Posts Tagged ‘Buddha’

As stressed in previous posts on the topic, Burning Man is whatever you make of it. It is a place to lose yourself and find new selves amongst the dust and ashes. Some people go for the music and dancing, a few brave souls are there to fight in the Thunderdome, others go for spiritual reasons. I go for a mixture of the above and the below. This post is going to be about finding spirituality in the dust of the Black Rock playa. This year’s Caravansary is going to be ripe with opportunities for growth, as long as you are open to them. To begin I would like to borrow from Ron Feldman, Ph.D., a religious scholar and writer I met at a previous Burning Man. Quoting from his piece Sleeping in the Dust at Burning Man,

“The Talmud says, ‘Three things are a foretaste of the world-that-is-coming: Sabbath, sunshine, and sexual intercourse’ (Talmud Berakhot 57b). In various ways, all three of these tastes of the messianic era are to be had at Burning Man, the weeklong festival that takes place in late August near Reno, Nevada.”

Burning Man definitely has the sunshine covered. Not just the sun, but also the moon. Both sun and moonrise are very dramatic on the playa due to the natural geographic features, it tends to extend twilight a bit and give things and otherworldly light. The surreal feeling is only made more intense by the ritualistic howling at the moon upon nightfall, a time honored Burning Man tradition increasingly forgotten. As the sun and moon are both important symbol for numerous faiths and spiritual practices this is a major plus no matter what your beliefs are. Sexual intercourse has its own important role in spirituality, most notably in tantric meditation and yoga practices. It would seem, after reading Ron’s piece, that all of Burning Man itself is a Sabbath, a separate place in time and space for the sacred to happen, outside of the everyday world. The Playa isn’t just a Sabbath for Jews and other followers of the Abrahamic faiths, it’s a sacred place for everyone of all faiths or lack there of (it can also be a great place to find your faith, in self or something higher than).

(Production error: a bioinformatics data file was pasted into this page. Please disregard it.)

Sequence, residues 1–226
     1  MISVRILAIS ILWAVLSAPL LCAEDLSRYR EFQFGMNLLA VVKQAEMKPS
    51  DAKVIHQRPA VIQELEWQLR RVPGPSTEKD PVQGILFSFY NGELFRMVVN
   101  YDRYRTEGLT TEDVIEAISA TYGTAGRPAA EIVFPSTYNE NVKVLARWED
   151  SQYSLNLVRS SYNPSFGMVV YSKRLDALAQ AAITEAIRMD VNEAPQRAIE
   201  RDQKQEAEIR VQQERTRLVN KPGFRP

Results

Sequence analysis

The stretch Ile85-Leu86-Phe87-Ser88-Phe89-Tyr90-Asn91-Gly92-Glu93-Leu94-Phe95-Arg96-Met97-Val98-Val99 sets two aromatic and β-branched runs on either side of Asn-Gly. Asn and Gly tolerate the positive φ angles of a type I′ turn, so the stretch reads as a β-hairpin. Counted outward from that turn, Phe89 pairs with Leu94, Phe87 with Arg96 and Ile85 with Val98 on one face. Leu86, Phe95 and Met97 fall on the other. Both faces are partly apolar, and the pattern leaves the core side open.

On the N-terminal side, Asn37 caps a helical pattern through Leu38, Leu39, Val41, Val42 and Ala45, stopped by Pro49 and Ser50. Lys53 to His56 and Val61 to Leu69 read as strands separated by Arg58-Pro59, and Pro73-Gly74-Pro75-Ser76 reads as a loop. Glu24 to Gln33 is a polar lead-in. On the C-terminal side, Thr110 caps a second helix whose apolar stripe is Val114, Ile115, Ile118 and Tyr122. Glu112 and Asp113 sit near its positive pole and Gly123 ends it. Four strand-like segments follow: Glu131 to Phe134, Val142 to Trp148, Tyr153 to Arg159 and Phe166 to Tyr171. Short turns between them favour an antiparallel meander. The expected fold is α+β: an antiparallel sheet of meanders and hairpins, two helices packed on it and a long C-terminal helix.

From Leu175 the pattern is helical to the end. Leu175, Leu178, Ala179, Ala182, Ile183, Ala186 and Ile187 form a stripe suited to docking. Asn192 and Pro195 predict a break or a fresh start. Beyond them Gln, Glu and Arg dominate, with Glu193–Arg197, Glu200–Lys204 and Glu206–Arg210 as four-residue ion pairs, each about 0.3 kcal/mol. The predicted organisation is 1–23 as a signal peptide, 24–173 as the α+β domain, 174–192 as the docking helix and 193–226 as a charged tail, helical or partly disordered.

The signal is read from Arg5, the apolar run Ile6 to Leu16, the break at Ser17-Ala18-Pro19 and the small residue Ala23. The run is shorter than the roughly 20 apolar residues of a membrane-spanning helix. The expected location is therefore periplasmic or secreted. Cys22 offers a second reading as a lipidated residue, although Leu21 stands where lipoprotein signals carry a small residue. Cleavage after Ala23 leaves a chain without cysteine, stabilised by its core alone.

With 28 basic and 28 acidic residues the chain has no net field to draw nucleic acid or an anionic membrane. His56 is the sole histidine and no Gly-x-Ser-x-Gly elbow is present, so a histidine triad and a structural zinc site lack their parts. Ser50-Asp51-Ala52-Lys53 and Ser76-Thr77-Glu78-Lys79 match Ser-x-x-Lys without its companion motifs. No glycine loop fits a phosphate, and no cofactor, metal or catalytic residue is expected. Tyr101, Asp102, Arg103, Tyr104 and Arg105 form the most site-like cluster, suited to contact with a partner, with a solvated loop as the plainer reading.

I was raised as a Nichiren Buddhist, but now I primarily identify as someone poly-spiritual, embracing many faiths. A major component of my current spirituality is the belief that spontaneity and serendipity work together to bring us omens and gifts from the universe (possibly through quantum entanglement on the sub-atomic level…a topic for another post). My first burn I camped with a coffee camp, one morning while serving coffee I happened to meet three people from a Nichiren Buddhist camp. Burning Man is a crucible for serendipity, it loves to bring people together who need to meet. Last Burn I met two brothers I grew up with from my time as a Nichiren Buddhist, we haven’t talked in years and  they just happened to camp across the road from my friends. That small thing, a choice in a camp site, has now rekindled a friendship.